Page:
The last presentation was given by James Firebrace (JFA Ltd). James illustrated the case of Taiz, a city in Yemen where GW depletion forced local authorities to think of new alternatives to the traditional water supply systems. In Taiz GW levels have dropped substantially over the years due to climate change and growing demand from an increasing population. In response, local communities have started developing alternative strategies, such as storage, resale, private networks, and rainwater collection. However, this meant that prices increased and service deteriorated, mostly affecting the poorest people. Government intervention was required. Local authorities in Taiz are now working to build a network sourcing of desalinised water to be distributed by different means: private sellers, franchisees and water meters.
Parallel Session C – Water Security
The session started with Rachel Cassidy (AFBINI)’s presentation about an UPGro Catalyst Project aimed at developing coastal GW monitoring networks, establishing the status of GW resources in the coastal zone, identifying issues with past practices and proposing alternatives. The project focused on Kilifi (Kenya), Tanzania and the Comoros Islands, in order to reflect the different urban/rural groups that are settled in different geological conditions. So far, research findings have highlighted that there is still a poor understanding of coastal GW systems, so that many development agencies fund projects against scientific advice. This research also revealed that communities would like to be more involved in the management of their water resources, but feel overlooked, and this applies especially to women.
The presentation by Eike Luedeling (ICRAF) explored the idea of politically-sensitive aquifers, drawing insights from research conducted on the Merti aquifer in Kenya. Eike highlighted how cities, and hence demand for water, have expanded rapidly around the Merti aquifer. As a response, the government built a city pipeline that draws water directly from the Merti aquifer, which raised controversial issues in relation to the equitable sharing of these water resources: who should be in charge with decision-making, what stakeholders should be involved? ICRAF’s research has highlighted that structured analyses of decisions impact pathway and the use of decision analysis methods have the potential to aid decisions on GW use in the face of multiple risks and imperfect information.
Finally, David MacDonald (BGS) introduced the BRAVE project aimed at developing a tool to link land surface and GW models. This should then enable decision-makers to examine the sensitivity of GW recharge and assess the impact of reduced recharge periods on GW supplies. The BRAVE project will look at specific case studies in the Volta basin to assess the impact of climate variability on water supplies in areas of low GW storage.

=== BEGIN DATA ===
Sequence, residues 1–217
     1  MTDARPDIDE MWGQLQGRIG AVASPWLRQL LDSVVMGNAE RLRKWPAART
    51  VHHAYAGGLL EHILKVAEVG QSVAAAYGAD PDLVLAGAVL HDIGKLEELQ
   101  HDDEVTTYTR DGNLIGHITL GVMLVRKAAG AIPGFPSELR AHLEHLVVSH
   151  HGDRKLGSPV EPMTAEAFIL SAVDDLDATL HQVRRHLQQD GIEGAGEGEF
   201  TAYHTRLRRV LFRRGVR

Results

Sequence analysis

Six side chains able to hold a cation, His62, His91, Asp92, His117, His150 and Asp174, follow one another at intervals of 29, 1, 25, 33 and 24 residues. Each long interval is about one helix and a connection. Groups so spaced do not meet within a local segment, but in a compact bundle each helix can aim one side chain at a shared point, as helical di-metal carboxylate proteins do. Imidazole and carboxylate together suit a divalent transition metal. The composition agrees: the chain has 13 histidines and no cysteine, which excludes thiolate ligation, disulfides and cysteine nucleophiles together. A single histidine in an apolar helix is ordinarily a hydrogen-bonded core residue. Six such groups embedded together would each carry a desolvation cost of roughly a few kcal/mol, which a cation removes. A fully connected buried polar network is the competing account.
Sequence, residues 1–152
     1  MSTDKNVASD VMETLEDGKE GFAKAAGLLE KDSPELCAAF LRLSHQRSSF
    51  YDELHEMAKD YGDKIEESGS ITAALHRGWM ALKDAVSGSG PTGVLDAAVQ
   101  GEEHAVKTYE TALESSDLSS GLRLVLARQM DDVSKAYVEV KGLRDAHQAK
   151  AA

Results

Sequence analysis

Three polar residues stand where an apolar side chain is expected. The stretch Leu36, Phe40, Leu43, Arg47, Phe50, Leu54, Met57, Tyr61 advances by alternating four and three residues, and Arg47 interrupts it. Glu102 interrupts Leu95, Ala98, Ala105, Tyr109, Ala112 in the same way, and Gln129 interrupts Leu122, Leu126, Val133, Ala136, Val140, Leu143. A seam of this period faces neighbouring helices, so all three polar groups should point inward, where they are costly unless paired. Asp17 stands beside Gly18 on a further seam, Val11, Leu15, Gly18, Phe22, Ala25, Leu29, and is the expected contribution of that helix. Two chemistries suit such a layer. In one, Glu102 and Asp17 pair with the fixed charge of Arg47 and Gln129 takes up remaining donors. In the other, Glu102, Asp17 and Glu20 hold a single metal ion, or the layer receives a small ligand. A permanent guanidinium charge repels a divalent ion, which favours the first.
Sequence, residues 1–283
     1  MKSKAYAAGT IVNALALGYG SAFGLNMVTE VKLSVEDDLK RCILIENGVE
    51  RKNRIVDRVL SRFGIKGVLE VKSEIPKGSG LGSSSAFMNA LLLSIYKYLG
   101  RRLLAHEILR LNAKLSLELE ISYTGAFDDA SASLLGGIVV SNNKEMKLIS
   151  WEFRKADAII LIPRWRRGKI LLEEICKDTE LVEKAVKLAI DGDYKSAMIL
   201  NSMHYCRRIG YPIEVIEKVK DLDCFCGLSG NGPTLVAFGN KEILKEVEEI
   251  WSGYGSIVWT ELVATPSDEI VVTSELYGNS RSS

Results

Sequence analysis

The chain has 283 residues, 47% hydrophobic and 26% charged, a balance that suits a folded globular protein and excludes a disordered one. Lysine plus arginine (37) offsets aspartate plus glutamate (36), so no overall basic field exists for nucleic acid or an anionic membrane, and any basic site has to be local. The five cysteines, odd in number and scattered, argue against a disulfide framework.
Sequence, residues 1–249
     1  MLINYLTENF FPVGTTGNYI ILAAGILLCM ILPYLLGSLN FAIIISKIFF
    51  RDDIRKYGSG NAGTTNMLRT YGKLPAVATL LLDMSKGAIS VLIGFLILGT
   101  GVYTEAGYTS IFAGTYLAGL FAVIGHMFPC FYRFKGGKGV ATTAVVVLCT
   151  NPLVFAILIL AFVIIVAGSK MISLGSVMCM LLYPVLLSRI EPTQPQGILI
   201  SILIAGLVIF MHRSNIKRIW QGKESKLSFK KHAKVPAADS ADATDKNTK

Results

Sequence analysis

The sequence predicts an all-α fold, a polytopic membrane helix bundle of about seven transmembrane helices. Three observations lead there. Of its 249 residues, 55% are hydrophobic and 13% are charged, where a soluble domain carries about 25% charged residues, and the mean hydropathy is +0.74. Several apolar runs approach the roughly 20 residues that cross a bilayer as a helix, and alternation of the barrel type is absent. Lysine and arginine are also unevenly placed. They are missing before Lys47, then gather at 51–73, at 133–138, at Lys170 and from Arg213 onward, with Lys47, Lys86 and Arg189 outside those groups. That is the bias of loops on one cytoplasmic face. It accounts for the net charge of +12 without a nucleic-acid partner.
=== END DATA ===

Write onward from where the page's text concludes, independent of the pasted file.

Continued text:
Parallel Session D – Innovation
The first speaker of this session, Carolyn Roberts (UK-KTN), presented two case studies from Tunisia and Uganda to illustrate the problem of over-exploitation of fossil GW and mal-functioning boreholes, respectively. Both issues were defined as ‘wicked’ , with no clear and available solution. Therefore, Carolyn argued, an innovative and integrated governance approach is required: one that is rule-based, competitive (from a financial, scientific perspective and for private investors), and participatory.
Lyla Mehta (IDS) gave an example of this innovative and integrated governance approach working in practice, through the development of rural feeder roads in Ethiopia. In this case, initially, the impact of road construction on GW was not considered, which led to increased flooding. The project team discovered that the relationship was complex, and that the amount to which communities benefit from roads given flooding depends on household wealth. Therefore, stakeholder engagement, information and compensation provisions must be clear from the start, to protect poor households.
Finally, Sharon Velasques-Orta (Newcastle University) presented a technological innovation to preserve GW resources: a microbial cell containing catalytic bacteria that consume organic waste. These biosensors, currently being tested in Tanzania, can measure GW quantity and quality, river water quality and sediment and pit-latrine contamination in fresh-water sources. In this way, communities can regularly monitor their own water resources, respond to changes and treat contamination. It is also hoped that community ownership of monitoring systems will encourage GW protection and preservation.
The final keynote speech was delivered by Vincent Casey (WaterAid). Vincent emphasised that the lessons from this event must be used by both researchers and practitioners to improve development and drive change in the way in which we manage our water resources. He explained that researchers and practitioners can sometimes adopt an unhelpful ‘them and us’ attitude. Instead, it is important to build partnerships between the two words, and align interests along shared goals so that research can have a full impact and benefit all water users in the long run. Chairman Richard Carter (UpGro) had the final words, thanking all participants, speakers, ODI and the UpGro funders and partners for their work in making this event happen.